If you want to go on a quest for solving the mysteries of deafness, discovering the genetic machinery in the inner ear that responds to sound waves and converts them into electrical impulses, the language of the brain, is your holy grail.
Scientists at The Scripps Research Institute (TSRI) say have identified just such a chalice; a critical component of this ear-to-brain conversion is the protein called TMHS. This protein is a component of the mechanotransduction channels in the ear, which convert the signals from mechanical sound waves into electrical impulses transmitted to the nervous system.
The key protein they found suggests a promising new approach toward gene therapy. In the laboratory, the scientists were able to place functional TMHS into the sensory cells for sound perception of newborn deaf mice, restoring their function.
"In some forms of human deafness, there may be a way to stick these genes back in and fix the cells after birth," said Ulrich Mueller, PhD, a professor in the Department of Cell Biology and leader of the study.
TMHS appears to be the direct link between the spring-like mechanism in the inner ear that responds to sound and the machinery that shoots electrical signals to the brain. When the protein is missing in mice, these signals are not sent to their brains and they cannot perceive sound.
Specific genetic forms of this protein have previously been found in people with common inherited forms of deafness, and this discovery would seem to be the first explanation for how these genetic variations account for hearing loss.
Many Different Structures
The physical basis for hearing and mechanotransduction involves receptor cells deep in the ear that collect vibrations and convert them into electrical signals that run along nerve fibers to areas in the brain where they are interpreted as sound.
This basic mechanism evolved far back in time, and structures nearly identical to the modern human inner ear have been found in the fossilized remains of dinosaurs that died 120 million years ago. Essentially all mammals today share the same form of inner ear.
What happens in hearing is that mechanical vibration waves traveling from a sound source hit the outer ear, propagate down the ear canal into the middle ear and strike the eardrum. The vibrating eardrum moves a set of delicate bones that communicate the vibrations to a fluid-filled spiral in the inner ear known as the cochlea. When the bones move, they compress a membrane on one side of the cochlea and cause the fluid inside to move.
Inside the cochlea are specialized "hair" cells that have symmetric arrays of extensions known as stereocilia protruding out from their surface. The movement of the fluid inside the cochlea causes the stereocilia to move, and this movement causes proteins known as ion channels to open. The opening of these channels is a signal monitored by sensory neurons surrounding the hair cells, and when those neurons sense some threshold level of stimulation, they fire, communicating electrical signals to the auditory cortex of the brain.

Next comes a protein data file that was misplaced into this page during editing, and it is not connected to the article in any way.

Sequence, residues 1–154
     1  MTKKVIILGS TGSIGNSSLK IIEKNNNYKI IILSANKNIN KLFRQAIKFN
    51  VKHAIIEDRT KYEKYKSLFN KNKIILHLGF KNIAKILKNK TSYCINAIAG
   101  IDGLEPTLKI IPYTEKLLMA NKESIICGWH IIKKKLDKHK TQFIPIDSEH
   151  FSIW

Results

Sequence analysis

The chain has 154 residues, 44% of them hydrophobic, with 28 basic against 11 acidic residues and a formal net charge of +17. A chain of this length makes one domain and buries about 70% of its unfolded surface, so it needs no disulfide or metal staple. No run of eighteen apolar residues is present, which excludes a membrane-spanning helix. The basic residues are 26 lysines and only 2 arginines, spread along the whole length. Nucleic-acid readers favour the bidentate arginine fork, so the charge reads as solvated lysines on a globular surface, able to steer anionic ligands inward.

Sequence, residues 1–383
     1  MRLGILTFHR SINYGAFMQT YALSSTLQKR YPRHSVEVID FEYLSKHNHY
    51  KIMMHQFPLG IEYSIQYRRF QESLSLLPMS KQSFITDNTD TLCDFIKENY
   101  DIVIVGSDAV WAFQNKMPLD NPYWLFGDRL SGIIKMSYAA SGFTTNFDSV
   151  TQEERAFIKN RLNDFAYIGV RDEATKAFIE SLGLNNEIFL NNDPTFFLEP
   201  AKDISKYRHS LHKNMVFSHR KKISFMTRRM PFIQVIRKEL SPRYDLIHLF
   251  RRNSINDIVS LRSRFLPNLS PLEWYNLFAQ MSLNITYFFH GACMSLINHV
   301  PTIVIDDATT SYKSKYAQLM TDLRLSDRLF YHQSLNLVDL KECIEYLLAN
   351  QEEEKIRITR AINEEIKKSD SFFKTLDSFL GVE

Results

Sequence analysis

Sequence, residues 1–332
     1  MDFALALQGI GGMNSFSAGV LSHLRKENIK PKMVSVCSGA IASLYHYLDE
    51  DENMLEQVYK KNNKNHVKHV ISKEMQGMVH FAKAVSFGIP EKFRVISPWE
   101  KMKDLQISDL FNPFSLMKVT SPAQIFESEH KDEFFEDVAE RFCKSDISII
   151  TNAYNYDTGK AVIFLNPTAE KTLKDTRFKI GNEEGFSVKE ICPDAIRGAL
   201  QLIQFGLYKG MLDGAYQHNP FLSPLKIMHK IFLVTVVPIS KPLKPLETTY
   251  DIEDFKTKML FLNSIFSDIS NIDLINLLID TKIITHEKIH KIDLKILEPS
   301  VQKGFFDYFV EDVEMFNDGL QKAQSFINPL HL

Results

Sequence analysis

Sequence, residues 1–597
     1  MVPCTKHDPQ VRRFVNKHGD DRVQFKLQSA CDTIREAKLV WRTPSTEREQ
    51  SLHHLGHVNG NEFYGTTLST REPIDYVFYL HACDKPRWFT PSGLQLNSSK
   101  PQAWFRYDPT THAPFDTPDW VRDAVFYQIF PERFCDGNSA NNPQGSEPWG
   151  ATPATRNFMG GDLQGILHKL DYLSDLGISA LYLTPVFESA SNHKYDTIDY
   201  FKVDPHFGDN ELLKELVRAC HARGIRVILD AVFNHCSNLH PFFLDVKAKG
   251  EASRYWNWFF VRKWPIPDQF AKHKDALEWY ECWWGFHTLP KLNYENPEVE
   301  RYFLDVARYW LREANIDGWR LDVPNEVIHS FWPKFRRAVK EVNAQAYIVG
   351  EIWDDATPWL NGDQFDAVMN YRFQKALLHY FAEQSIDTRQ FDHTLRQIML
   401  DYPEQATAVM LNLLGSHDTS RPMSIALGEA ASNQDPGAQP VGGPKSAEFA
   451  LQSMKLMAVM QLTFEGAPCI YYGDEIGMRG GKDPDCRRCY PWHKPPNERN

Because hearing involves so many different structures, there are hundreds and hundreds of underlying genes involved—and many ways in which it can be disrupted.
Hair cells form in the inner ear canal long before birth, and people must live with a limited number of them. They never propagate throughout life, and many if not most forms of deafness are associated with defects in hair cells that ultimately lead to their loss. Many genetic forms of deafness emerge when hair cells lack the ability to transduce sound waves into electric signals.
Over the years, Mueller and other scientists have identified dozens of genes linked to hearing loss—some from genetic studies involving deaf people and others from studies in mice, which have inner ears that are remarkably similar to humans.
A Clearer Picture
What has been lacking, however, is a complete mechanistic picture. Scientists have known many of the genes implicated in deafness, but not how they account for the various forms of hearing loss. With the discovery of the relevance of TMHS, however, the picture is becoming clearer.
TMHS turns out to play a role in a molecular complex called the tip link, which several years ago was discovered to cap the stereocilia protruding out of hair cells. These tip links connect the tops of neighboring stereocilia, bundling them together, and when they are missing the hair cells become splayed apart.
But the tip links do more than just maintain the structure of these bundles. They also house some of the machinery crucial for hearing—the proteins that physically receive the force of a sound wave and transduce it into electrical impulses by regulating the activity of ion channels. Previously, Mueller's laboratory identified the molecules that form the tip links, but the ion channels and the molecules that connect the tip link to the ion channels remained elusive. For years, scientists have eagerly sought the exact identity of the proteins responsible for this process, said Mueller.
In their new study, Mueller and his colleagues showed that TMHS is one of the linchpins of this process, where it is a subunit of the ion channel that directly binds to the tip link. When the TMHS protein is missing, otherwise completely normal hair cells lose their ability to send electrical signals.
The scientists demonstrated this using a laboratory technique that emulates hearing with cells in the test tube. Vibrations deflected off the cells mimic sound, and the cells can be probed to see if they can transduce the vibrations in electrical signals—as they would in the body if the cells were then trying to send signals to the brain. What they showed is that without TMHS, this ability disappears.
"We can now start to understand how organisms convert mechanical signals to electrical signals, which are the language of the brain," said Mueller.
Published in Cell